Cleaning up after Jozi’s performance.

Cleaning up after Jozi’s performance.

“This is part of the piece, by the way,” Matthew Gantt joked as he struggled to set up his equipment, having to move to different spots around the space until he found one close enough to hook his equipment up to the sound system. Though not meant to be taking seriously, there was something interesting in the statement with regards to the show’s theme of intention and intentionality; something interesting in how the event around a performance, the set-up and breaking down of props and equipment, could be understood as being incorporated into the performance itself. There seemed to be a move in many of the pieces to intentionally incorporate things outside the performance proper, to appropriate them or at least bring out an awareness of them. After her video, Ayana Evans presented some of the YouTube comments on her “Operation Cat Suit” videos; during his peformance, Ian Deleón drew a map of his thought process and read a passage from Open Veins of Latin America, one of the source materials for his piece, Matthew Gantt discussed how the approach he took toward his compositions was meant to incorporate all of the logistics of music making, rehearsal, booking gigs, etc. Pictured above is Natasha Jozi, Esther Neff, and some of the show’s attendees helping clean up after Jozi’s performance. Perhaps it the size and intimacy of the space at Panoply Performance Laboratory itself that lends itself to this kind of thinking: without a means to keep these things hidden, to keep the performance separate from its surrounding logistics, there is almost a call to contemplate how these unintentional aspects add something to the overall experience of the performance.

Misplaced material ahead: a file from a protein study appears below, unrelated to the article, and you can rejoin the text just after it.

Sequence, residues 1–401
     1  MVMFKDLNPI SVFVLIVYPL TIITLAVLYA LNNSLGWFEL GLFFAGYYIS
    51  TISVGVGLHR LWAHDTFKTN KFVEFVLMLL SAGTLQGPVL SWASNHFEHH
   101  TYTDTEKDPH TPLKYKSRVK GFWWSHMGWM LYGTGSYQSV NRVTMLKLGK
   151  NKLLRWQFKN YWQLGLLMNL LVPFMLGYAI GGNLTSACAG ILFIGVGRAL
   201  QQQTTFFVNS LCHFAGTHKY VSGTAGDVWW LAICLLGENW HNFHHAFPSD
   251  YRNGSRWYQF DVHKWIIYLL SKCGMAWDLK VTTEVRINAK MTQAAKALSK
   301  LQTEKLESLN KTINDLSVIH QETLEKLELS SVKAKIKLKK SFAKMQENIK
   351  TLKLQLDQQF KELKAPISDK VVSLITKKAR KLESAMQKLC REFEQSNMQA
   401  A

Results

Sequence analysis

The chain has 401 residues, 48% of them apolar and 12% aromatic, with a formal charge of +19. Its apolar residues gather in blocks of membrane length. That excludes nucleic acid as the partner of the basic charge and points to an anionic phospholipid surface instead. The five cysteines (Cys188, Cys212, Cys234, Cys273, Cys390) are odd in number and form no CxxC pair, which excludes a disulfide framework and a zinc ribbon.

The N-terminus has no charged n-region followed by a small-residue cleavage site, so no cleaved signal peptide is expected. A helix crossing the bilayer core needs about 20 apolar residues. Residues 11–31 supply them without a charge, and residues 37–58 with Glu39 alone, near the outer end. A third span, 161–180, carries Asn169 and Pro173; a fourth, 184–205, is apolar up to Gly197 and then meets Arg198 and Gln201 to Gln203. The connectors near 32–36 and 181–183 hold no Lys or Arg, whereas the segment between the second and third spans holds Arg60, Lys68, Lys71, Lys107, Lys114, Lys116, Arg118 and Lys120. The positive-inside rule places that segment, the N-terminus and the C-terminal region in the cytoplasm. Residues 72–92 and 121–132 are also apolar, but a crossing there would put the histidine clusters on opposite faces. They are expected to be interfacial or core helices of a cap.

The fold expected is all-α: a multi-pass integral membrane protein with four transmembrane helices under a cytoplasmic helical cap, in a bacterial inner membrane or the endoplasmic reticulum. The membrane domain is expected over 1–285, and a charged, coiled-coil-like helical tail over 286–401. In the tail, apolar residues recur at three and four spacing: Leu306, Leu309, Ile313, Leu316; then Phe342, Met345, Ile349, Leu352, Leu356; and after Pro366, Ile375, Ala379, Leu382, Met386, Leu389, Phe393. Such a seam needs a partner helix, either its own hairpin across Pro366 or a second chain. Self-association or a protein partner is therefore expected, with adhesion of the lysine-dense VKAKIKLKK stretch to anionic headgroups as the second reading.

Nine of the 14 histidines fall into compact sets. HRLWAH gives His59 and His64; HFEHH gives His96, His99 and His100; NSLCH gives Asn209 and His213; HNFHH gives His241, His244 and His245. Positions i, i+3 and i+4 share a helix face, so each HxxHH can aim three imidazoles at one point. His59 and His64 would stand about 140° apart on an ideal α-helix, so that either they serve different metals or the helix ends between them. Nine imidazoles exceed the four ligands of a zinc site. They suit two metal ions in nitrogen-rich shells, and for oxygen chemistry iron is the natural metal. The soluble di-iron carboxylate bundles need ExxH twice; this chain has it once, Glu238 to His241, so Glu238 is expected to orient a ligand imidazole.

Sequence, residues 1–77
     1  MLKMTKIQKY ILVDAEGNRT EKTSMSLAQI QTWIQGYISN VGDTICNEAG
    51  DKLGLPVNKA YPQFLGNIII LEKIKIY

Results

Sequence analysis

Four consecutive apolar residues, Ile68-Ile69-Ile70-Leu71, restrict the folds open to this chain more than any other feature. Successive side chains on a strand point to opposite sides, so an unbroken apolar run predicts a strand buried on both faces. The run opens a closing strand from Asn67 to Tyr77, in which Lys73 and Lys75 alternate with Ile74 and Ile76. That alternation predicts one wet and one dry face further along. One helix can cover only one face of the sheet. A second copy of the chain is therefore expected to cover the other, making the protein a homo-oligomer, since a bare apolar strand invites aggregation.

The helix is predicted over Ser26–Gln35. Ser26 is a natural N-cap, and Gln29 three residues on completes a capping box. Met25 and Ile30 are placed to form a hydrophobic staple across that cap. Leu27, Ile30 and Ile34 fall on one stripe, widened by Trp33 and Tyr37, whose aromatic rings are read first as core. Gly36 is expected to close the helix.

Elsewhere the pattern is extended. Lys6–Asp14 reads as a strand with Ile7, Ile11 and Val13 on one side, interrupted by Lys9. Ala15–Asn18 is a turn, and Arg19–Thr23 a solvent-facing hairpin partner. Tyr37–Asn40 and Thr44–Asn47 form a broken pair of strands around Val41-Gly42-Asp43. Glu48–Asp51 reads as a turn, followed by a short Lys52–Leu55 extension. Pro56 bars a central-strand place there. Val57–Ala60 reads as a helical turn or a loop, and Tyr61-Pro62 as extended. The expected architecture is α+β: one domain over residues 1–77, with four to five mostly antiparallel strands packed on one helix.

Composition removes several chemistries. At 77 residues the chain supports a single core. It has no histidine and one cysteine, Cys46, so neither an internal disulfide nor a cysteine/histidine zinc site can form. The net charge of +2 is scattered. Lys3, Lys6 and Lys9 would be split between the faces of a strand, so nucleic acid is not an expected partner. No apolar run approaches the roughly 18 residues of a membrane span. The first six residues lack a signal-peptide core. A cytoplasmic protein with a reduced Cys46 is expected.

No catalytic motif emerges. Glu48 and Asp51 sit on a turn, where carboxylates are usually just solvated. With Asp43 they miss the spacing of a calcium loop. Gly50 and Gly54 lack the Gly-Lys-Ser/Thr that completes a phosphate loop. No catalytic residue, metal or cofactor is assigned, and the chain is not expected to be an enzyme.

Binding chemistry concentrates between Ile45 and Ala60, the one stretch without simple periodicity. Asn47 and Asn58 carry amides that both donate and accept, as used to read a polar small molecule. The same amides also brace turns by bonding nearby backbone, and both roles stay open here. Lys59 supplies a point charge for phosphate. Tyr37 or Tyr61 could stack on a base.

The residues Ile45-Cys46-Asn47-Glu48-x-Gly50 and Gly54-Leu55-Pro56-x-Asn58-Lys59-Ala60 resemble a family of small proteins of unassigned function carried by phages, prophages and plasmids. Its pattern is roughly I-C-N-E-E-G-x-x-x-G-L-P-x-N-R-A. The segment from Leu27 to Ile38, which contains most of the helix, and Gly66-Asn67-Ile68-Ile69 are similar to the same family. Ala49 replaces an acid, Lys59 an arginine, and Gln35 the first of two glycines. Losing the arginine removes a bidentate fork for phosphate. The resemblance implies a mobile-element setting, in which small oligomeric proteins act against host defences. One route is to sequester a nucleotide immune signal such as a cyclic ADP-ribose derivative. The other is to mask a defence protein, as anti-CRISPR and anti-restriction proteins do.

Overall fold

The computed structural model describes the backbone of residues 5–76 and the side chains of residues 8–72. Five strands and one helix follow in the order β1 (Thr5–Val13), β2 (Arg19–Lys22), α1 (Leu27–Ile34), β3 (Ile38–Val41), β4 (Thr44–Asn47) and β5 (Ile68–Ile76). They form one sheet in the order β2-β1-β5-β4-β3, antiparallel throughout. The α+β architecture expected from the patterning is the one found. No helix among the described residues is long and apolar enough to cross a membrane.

Where: Panoply Performance Laboratory,
104 Meserole Street,
Brooklyn, NY 11206
Contact: Esther Neff
(panoplylab@gmail.com)